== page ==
In a Leona Helmsley Moment, Trump Goes Afoul of Sasso's Analytic Device

Tuesday, September 27, 2016

To measure last night’s presidential debate, let’s grab the John Sasso Gauge from the political toolbox.

Sasso, a chief of staff to former Governor Michael Dukakis and a high-ranking field officer in two Democrat presidential campaigns, wrote a piece in The Boston Globe this past spring on how and why voters make a choice in the final election of a president.  It was headlined, “The values battle in the general election.”
“…deep and emotional judgments about candidates ultimately drive Americans’ choice of a president,” Sasso declared.

“The most salient variables,” he wrote, “are voter perceptions of three characteristics”:
One, “a candidate’s personal political strength,”

Two, “voters’ trust in the depth and sincerity of the candidate’s convictions,” and
Three, “most importantly, whether the voters think that the candidate ‘cares’ about people like them.”

There were several points in the debate where I thought Hillary Clinton was clearly better than Donald Trump in showing caring-ness for the average voter.  She was particularly effective on that score when speculating on Trump’s refusal to release his tax returns for public scrutiny.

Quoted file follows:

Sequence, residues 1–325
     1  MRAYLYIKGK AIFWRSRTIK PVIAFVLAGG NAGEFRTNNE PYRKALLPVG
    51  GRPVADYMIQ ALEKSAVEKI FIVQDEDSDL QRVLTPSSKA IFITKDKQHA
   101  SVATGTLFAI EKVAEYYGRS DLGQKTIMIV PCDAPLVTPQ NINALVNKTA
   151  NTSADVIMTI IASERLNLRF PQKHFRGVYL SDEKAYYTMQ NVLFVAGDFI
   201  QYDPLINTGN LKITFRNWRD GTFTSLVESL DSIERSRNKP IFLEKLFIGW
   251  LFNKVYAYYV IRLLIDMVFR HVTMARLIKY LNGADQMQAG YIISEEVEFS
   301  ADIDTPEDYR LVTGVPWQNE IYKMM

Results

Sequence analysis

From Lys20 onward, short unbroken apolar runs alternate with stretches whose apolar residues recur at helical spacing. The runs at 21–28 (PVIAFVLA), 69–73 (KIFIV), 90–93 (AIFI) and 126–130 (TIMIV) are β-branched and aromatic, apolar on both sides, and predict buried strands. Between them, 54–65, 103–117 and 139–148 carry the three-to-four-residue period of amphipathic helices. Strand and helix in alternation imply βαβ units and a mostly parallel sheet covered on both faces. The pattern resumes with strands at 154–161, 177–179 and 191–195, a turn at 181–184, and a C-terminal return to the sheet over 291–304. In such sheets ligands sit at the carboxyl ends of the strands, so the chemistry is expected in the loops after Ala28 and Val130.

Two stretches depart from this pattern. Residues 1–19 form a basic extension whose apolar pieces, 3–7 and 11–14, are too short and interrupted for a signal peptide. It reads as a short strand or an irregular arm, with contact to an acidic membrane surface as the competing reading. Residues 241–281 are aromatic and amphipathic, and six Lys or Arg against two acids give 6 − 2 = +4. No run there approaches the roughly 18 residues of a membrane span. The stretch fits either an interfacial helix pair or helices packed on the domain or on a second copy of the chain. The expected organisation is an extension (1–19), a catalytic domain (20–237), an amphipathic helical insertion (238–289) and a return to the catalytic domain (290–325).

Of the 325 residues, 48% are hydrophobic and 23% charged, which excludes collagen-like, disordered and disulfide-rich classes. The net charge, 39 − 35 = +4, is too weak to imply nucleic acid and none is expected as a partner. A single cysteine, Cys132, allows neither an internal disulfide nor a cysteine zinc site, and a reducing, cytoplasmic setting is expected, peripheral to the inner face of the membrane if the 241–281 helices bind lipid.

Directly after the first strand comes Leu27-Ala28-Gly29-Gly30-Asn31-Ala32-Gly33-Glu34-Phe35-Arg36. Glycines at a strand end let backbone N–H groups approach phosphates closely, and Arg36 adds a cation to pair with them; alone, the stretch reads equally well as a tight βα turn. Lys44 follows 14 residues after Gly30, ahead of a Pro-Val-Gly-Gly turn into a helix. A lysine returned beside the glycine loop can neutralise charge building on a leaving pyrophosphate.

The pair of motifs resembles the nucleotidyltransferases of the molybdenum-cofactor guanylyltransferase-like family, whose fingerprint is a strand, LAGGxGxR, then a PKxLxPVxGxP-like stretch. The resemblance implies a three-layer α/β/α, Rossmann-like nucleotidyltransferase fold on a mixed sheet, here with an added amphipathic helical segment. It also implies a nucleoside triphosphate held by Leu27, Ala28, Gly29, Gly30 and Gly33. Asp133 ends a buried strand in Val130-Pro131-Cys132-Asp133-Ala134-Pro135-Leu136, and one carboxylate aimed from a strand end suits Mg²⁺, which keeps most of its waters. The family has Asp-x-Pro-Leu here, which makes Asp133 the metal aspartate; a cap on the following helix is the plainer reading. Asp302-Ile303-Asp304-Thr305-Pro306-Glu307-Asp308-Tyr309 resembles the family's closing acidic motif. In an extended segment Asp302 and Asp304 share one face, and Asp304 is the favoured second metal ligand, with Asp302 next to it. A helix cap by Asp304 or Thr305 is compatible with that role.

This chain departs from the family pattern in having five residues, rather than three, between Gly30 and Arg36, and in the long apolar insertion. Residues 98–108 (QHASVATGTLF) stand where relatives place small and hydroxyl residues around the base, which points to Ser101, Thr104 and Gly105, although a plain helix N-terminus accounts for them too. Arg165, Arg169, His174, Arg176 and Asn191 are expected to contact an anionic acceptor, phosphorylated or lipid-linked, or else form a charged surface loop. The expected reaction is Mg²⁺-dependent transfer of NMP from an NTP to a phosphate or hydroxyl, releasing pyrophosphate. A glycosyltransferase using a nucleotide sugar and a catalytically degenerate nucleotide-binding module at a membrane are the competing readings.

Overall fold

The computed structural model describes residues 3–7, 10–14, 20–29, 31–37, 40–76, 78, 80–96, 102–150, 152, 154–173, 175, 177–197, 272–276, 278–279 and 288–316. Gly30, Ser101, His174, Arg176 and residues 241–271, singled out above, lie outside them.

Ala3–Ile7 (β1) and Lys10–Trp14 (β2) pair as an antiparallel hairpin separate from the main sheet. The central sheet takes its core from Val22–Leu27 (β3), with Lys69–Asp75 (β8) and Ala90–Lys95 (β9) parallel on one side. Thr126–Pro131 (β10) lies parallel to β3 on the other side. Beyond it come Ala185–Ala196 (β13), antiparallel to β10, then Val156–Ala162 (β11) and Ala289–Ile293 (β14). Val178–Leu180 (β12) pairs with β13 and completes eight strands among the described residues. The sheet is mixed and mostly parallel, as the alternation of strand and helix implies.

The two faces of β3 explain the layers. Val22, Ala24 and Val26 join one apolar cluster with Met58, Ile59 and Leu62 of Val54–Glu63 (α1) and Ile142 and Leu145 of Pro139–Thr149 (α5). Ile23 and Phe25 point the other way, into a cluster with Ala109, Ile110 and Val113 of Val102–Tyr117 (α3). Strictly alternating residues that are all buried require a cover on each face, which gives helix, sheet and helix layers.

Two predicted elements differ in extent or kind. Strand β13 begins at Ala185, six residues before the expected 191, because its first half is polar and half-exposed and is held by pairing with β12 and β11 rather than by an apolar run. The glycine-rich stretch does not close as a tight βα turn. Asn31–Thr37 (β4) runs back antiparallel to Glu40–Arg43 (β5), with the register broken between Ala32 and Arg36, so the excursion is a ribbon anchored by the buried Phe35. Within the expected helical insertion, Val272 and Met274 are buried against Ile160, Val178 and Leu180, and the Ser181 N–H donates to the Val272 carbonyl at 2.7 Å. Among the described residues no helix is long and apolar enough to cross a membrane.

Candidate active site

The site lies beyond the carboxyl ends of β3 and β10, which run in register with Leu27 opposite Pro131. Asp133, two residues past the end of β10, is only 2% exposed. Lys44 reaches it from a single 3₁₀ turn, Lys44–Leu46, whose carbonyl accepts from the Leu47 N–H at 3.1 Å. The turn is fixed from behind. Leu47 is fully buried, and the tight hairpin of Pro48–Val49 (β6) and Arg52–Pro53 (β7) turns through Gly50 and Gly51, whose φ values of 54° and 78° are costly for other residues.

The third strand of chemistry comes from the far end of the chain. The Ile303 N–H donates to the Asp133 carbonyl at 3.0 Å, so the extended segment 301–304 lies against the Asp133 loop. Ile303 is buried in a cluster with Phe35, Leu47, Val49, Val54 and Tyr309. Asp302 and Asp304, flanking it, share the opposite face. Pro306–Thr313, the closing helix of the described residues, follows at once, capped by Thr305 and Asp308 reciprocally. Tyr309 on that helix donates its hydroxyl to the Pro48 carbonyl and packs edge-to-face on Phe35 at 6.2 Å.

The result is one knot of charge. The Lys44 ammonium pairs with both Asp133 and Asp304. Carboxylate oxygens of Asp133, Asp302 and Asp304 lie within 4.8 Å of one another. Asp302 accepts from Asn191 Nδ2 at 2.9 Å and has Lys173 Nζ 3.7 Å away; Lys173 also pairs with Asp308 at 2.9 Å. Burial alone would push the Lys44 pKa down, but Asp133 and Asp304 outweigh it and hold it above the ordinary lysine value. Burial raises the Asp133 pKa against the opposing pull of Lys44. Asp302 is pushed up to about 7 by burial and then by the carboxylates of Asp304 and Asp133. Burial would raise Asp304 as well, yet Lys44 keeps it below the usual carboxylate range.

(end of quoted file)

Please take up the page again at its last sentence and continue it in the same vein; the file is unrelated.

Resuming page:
“Maybe he’s not as rich as he says he is,” she told the 80 million or so persons watching the debate, “…maybe he’s not as charitable as he claims to be.  Or maybe he doesn’t want the American people, all of you watching tonight, to know that he’s paid nothing in federal taxes,” at which point Trump interjected, “That makes me smart.”  (Immediately, I thought of the late Leona Helmsley's famous put-down of the working class: “We don’t pay taxes.  Only the little people pay taxes.”) Then Clinton expertly twisted the knife, “So, if he’s paid zero,” she said, “that means zero for troops, zero for vets, zero for schools or health.”

Soon after, when Trump excoriated “know-nothing politicians like Clinton and President Obama” for squandering trillions of taxpayer dollars, Clinton seized the moment to reinsert her blade.   “We have a country that needs new roads, new tunnels, new bridges, new airports, new schools, new hospitals,” said Trump.  “And we don’t have the money because it’s been squandered on so many of your (Clinton’s) ideas.”  Said Clinton, “And maybe because you haven’t paid any federal income tax for a lot of years.”

Trump tells America he’s smart not to pay taxes and implies the rest of us are chumps.
Four months ago in the Globe, Sasso predicted Clinton would win.  I’m sure that, watching the debate last night, he had no sudden qualms about his prognosticative powers.


No comments:

Post a Comment